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Poor Afghanistan

Three years after allied forces routed the ruling Taliban, living conditions in Afghanistan rank near the bottom of the 178 countries surveyed by the United Nations. According to the National Human Development Report, Afghanistan is just ahead of the poorest sub-Saharan African countries.

This first comprehensive look at Afghan life in three decades paints a "gloomy picture," concedes President Hamid Karzai. The country has the worst education system in the world with an adult literacy rate of less than 30%. Maternal mortality is 60 time higher than in most developed countries. One in eight children dies because of contaminated water; 20% of all children die before the age of five. Those who survive can expect to live less than 45 years.

But Barnett Rubin, Director of the Center for International Cooperation at New York University, says even though the U.N. report is one of dire poverty, the fact that the survey was even conducted is a sign of progress.

"It shows first of all, that you now have an Afghan government that cares about these problems and is trying to address them and that it is now mobilizing the skills and commitment of Afghans themselves to do that," says Professor Rubin. "So those are all tremendously positive developments. But of course, the report documents how big the challenges are that Afghans and the new Afghan government have to meet."

One of the biggest challenges facing the country is illegal drugs. Almost all of the poppies used to make heroin are grown in Afghanistan. Although growth of the legal economy is expected to be at least 10% per year for the next decade, illicit drugs still account for nearly 60% of Afghanistan's gross domestic product.

In order to transcend the drug economy, Afghan specialist Barnett Rubin says the government must reestablish the foundations of free market capitalism.

"It has to be able to provide security so people know that if they make some money, some warlord or commander isn't going to just come along and grab control of their enterprise," says Professor Rubin. "It has to have a legal system that can resolve disputes and enforce contracts. It has to have secure land titles and transparency of operations so that corrupt government officials don't also stand in the way of businessmen."

There's near universal agreement among scholars that rebuilding Afghanistan's economy and establishing democratic institutions must go hand in hand. Last year, a new constitution was adopted and the country held its first free presidential election. And parliamentary elections have been announced for September. But armed warlords throughout much of the country still threaten peace, stability and economic progress.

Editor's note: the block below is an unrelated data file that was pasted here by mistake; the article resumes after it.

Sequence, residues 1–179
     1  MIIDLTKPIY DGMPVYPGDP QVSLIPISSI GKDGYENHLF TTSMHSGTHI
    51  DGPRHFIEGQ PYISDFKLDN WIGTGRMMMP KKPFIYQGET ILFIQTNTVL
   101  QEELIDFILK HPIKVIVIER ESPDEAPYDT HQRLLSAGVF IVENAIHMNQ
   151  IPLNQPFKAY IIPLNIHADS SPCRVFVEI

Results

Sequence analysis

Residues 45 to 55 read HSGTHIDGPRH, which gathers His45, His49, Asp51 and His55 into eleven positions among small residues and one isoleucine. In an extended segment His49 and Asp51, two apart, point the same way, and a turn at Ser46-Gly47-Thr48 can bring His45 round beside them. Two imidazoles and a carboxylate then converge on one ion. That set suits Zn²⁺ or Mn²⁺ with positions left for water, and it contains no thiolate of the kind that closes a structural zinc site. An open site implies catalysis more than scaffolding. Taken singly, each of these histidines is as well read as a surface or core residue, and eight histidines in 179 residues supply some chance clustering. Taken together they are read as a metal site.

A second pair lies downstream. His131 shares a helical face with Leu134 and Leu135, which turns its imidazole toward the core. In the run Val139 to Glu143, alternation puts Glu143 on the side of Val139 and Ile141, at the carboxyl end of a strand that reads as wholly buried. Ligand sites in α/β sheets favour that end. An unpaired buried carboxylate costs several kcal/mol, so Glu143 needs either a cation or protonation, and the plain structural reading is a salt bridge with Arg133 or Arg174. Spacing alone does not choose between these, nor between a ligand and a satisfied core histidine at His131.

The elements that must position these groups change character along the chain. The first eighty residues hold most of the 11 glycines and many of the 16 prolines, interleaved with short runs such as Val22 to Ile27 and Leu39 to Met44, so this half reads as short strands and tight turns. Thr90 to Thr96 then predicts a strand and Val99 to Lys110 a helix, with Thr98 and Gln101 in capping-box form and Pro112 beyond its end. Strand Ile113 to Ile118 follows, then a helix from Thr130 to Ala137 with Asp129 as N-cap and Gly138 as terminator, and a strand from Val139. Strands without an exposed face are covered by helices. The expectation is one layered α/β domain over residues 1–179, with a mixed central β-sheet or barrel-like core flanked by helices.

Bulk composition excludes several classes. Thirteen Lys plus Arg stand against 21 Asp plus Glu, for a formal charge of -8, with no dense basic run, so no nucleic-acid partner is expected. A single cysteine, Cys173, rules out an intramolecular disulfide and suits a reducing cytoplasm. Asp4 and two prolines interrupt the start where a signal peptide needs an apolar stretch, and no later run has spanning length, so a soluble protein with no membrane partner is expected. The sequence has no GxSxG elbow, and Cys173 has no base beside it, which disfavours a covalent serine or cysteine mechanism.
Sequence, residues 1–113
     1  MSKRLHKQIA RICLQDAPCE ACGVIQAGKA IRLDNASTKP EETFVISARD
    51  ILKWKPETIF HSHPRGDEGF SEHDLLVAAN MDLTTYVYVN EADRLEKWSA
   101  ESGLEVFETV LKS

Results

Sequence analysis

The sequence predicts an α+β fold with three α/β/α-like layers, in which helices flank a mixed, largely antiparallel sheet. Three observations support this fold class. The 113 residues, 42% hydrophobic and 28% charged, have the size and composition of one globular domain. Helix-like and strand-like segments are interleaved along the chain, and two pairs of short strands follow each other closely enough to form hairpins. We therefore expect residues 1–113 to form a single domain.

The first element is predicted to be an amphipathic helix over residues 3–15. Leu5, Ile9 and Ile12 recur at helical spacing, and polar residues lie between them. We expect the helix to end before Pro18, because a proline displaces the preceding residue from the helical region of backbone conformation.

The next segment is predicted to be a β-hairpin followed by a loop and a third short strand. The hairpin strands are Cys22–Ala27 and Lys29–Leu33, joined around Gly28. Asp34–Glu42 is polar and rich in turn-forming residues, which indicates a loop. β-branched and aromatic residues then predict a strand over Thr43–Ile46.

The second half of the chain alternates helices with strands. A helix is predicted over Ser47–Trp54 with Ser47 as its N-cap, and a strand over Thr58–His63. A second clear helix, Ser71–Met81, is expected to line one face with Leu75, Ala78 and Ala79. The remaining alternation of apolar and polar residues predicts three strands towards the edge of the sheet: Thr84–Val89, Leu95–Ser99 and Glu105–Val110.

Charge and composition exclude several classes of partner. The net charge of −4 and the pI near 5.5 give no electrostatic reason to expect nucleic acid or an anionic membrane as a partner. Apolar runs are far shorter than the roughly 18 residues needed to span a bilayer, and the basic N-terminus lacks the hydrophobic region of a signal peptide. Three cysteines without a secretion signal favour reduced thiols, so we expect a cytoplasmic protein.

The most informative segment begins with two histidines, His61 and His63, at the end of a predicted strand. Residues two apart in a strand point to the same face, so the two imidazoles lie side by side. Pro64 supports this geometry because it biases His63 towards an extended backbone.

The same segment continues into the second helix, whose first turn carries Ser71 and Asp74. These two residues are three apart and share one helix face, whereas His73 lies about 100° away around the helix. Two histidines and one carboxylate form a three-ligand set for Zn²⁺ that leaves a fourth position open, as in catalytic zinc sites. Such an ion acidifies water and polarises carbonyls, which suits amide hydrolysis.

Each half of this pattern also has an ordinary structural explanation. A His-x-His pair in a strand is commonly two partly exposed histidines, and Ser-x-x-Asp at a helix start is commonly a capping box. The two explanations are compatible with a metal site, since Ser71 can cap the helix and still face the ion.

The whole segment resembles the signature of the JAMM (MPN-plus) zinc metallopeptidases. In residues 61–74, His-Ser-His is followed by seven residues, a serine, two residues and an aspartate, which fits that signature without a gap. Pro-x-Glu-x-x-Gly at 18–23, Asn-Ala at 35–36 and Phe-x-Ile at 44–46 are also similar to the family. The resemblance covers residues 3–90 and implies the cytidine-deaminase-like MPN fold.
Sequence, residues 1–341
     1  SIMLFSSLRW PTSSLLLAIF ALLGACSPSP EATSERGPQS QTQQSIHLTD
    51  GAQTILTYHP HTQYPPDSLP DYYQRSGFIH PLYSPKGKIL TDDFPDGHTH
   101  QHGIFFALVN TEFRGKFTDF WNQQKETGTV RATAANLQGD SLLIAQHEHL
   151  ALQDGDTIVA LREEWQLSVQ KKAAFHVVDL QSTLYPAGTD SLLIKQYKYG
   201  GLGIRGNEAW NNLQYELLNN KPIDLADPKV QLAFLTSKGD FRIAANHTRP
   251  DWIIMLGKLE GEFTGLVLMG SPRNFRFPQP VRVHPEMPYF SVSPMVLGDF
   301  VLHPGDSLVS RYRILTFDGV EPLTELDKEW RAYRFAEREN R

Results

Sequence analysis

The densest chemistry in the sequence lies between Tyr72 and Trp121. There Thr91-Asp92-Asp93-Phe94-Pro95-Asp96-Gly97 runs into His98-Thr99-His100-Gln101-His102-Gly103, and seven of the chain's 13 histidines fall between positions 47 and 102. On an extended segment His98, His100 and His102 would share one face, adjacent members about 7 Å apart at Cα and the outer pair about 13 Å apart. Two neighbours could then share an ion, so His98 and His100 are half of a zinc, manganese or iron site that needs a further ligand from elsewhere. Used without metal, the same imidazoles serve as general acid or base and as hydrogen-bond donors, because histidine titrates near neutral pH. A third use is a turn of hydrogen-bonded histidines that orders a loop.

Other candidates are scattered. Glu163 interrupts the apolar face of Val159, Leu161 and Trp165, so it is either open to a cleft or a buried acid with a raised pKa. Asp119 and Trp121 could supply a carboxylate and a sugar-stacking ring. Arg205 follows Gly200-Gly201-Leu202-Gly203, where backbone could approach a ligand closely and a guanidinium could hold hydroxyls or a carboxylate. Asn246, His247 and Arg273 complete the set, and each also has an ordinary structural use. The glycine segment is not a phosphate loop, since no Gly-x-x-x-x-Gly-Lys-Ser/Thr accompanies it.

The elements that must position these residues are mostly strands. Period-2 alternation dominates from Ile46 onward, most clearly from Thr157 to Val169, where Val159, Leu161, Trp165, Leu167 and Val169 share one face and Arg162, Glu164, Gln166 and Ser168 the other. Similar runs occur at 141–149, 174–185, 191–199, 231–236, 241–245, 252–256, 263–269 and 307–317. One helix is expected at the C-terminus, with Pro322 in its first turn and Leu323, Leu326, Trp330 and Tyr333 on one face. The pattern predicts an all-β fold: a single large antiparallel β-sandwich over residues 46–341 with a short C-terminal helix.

Years of battling a Soviet invasion, factional violence and harsh Taliban rule have left Afghanistan wrecked and impoverished. That's why foreign policy analyst Thomas Donnelly of the American Enterprise Institute says Afghans will be forced to rely on massive foreign assistance at least in the near term.

"There's a huge amount to do to recreate an infrastructure in Afghanistan, real basic things like roads, school buildings, electricity, pure water and all of the rest of that stuff," notes Mr. Donnelly. "For the next couple of years, this is a case where the classic models of international development actually are quite worthwhile as long as we don't try to tell the Afghans how to run their government."

Researcher Daud Saba, one of the authors of the U.N. Human Development Report, agrees. Although Mr. Saba points out that Afghans are grateful for the billions of dollars of international aid that have poured into his country during the past three years, he stresses that Afghans should have more say in how that aid is directed.

"Afghans need to be given a chance to participate in decision making through democratic mechanisms which are still lacking in the country," says Mr. Saba. "It has to be coordinated with Afghans and among the donors, and giving the leadership to Afghans to find out what their needs are and to participate in the design of the programs and to solve their problems."

Afghanistan's standard of living is slowly improving. For example, the United Nations reports that vaccination programs may soon eradicate measles and polio. And two-thirds of the country's children now attend school, including girls who were denied an education under the Taliban.

Whether this country of 28-million people will emerge from decades of violence and poverty, most analysts say, will depend not only on support from the international community but also on the Afghan people's determination to nurture their fledgling democracy.